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I have an old computer setup as follows:

  • IBM Thinkpad T42 (single-core Pentium M 1.8 GHz, 1 GB RAM)
  • Windows XP and Pro Tools 7.3 (Or maybe Reaper 3.5) with Digidesign MBox 2 device

Is this good enough for recording an 1-2 hour radio show (2 mono tracks with 48 000 Hz/16bit quality)? In particular, I'm not sure if 1 GB RAM is enough or should I consider upgrading to 2GB.

I read this with great interest, but a related broader question is: how do DAWs actually utilize RAM and cores during a recording session? Which is more important? Also, is RAM typically (e.g. in Pro Tools) also used for storing the recorded audio, or is audio directly written to the hard disk?

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    Older RAM chips are very cheap, I've got lots of them in a drawer (PC and laptop). You may be able to upgrade your processor too for cheap. But you should upgrade RAM; It's easy and cheap with great benifit. Make sure to utilize both slots! – Marc W Aug 15 '16 at 12:58
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That should work, as long as you ensure that the PC is not running all sorts of irrelevant software and processes, and you make sure there is enough virtual memory allocated (about 3 Gb - it is probably 32Bit OS, so no point in allocating more - make sure you make a fixed allocation.. no "let windows handle things" here as you may get unnecessary disk activity).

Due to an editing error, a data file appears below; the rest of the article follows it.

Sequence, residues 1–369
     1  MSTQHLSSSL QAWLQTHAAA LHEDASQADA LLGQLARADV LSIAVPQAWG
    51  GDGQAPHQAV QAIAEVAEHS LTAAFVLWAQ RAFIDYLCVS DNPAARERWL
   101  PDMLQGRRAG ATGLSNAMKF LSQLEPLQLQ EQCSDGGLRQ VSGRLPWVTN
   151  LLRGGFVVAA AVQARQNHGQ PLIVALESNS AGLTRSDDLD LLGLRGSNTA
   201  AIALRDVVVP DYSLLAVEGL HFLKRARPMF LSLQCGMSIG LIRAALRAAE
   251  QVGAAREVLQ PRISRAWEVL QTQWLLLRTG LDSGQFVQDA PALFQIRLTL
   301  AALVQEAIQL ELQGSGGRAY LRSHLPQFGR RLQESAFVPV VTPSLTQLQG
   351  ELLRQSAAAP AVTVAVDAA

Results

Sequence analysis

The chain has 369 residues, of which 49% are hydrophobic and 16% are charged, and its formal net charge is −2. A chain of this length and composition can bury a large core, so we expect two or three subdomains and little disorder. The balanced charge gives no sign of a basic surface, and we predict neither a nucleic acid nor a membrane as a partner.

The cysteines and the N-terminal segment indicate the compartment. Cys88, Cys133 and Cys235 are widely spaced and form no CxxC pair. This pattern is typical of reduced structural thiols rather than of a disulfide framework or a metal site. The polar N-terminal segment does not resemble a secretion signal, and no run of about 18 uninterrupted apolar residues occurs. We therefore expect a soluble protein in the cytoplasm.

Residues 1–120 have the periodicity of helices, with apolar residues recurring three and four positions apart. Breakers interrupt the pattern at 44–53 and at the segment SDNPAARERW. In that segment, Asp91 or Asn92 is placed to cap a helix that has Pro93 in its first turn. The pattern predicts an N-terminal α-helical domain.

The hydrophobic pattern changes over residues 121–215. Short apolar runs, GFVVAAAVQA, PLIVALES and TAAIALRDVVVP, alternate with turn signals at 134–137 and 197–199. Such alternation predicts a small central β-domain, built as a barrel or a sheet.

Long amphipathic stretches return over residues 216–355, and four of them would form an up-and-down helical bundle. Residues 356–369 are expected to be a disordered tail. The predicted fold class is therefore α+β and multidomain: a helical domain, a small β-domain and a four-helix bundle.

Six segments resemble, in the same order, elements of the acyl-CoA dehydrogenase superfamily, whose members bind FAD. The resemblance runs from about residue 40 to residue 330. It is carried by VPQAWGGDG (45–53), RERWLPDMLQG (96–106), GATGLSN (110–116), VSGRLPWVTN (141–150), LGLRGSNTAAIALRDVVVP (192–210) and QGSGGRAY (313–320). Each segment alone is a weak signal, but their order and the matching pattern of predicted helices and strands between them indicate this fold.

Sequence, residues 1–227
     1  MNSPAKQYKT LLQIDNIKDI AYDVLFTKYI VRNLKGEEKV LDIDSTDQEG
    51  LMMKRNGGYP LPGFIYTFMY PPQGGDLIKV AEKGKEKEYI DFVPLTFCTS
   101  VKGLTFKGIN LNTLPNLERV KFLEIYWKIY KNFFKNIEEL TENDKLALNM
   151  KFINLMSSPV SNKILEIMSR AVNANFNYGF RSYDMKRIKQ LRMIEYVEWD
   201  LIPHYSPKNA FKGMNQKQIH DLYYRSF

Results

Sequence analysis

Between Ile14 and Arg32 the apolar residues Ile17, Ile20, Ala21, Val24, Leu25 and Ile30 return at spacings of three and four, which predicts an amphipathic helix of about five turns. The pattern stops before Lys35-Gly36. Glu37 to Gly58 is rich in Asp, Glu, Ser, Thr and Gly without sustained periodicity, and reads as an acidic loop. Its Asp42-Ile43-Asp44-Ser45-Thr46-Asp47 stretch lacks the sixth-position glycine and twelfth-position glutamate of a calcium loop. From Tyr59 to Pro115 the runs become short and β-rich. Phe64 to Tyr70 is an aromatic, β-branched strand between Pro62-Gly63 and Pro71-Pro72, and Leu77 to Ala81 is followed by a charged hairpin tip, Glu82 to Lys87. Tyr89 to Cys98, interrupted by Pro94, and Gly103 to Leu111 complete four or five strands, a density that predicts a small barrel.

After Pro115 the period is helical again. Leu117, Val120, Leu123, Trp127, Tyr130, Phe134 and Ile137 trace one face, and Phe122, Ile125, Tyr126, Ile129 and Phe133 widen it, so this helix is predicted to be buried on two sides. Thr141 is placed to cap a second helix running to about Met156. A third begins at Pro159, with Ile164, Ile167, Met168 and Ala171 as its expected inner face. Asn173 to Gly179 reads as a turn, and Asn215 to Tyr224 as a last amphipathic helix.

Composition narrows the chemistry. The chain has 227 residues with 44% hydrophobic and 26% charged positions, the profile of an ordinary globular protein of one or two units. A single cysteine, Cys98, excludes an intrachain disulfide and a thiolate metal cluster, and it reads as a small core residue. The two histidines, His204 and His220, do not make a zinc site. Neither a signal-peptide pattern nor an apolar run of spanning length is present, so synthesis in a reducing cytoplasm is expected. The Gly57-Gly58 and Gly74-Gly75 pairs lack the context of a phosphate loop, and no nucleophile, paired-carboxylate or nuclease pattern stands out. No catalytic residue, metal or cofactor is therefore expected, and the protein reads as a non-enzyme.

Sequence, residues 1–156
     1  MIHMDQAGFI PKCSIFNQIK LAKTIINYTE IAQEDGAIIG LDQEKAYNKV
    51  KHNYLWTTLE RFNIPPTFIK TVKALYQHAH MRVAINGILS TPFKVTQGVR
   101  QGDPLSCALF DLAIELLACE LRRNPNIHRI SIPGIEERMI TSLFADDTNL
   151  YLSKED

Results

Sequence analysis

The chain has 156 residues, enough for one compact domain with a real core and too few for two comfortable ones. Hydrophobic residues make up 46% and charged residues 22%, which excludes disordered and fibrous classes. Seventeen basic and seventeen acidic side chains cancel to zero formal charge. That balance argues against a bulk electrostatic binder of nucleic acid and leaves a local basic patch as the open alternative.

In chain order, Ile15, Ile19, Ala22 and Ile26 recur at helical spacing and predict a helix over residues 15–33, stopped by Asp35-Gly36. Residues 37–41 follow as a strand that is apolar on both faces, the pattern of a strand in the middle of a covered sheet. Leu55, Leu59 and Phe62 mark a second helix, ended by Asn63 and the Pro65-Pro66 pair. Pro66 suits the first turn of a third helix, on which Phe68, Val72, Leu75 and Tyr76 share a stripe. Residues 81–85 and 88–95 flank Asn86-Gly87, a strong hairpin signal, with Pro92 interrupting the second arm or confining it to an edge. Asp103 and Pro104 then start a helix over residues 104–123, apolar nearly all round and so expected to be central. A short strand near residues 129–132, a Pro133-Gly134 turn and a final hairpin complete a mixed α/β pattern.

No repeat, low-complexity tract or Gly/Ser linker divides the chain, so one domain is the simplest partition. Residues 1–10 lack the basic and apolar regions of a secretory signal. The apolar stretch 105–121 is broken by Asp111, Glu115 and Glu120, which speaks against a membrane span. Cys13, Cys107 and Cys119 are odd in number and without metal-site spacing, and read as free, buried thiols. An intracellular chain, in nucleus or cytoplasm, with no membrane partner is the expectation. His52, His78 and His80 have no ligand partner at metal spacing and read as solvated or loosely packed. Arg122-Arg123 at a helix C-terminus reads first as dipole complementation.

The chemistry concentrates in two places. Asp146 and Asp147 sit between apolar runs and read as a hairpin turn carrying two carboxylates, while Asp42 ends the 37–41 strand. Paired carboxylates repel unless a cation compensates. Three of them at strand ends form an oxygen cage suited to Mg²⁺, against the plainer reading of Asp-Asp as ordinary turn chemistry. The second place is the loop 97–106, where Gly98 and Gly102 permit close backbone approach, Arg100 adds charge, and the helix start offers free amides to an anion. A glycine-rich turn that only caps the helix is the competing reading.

Two hours of 48KHz / 16 bit audio is ~1.4 Gb, but you don't actually need to have free memory for all of it. Your software will write the data as you record, which is why in general the disk speed is the most important aspect when recording. But you're only recording two tracks. I wouldn't worry.

CPU and no. of cores relate to the processing power - for example if you have a lot of realtime virtual instruments and heavy effects like reverbs and amp modelling plugins going while recording. It is not the case here. Your single core will do. Just don't get any fancy ideas ;-)

You should be able to record in 24 bit too, which I strongly recommend. You can reduce to 16 bit as last thing after editing etc.

  • Yep; "ensure that the PC is not running all sorts of irrelevant software and processes" Disable all startup programs; stop undesirable processes and services. This helps a lot with older computers. See this question too sound.stackexchange.com/questions/35409/… – Marc W Aug 15 '16 at 12:46
  • @Michael Hansen Buur Many thanks, esp. for the pointer on virtual memory as I'm already using a striped-down WinXP. Also, Re: 24bit: this is interesting. But you think 24 bit recording won't cause too much overhead, considering the system I have? – martz Aug 16 '16 at 12:15
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    No, I don't think so - the additional 1/3 in size is definitely worth it if you want a nice noisefree result. If you record with 16bits only, you have to ensure optimal gain settings (i.e. as loud as possible) and that increases the chance of "overs" - i.e. clipping distortion. With 24 bit you just dial in a safe gain and record. Later on you add a comp or limiter to boost things. Try it out. I think you should consider what host to use though: you're only recording two tracks. Pro Tools is overkill. – Michael Hansen Buur Aug 16 '16 at 12:40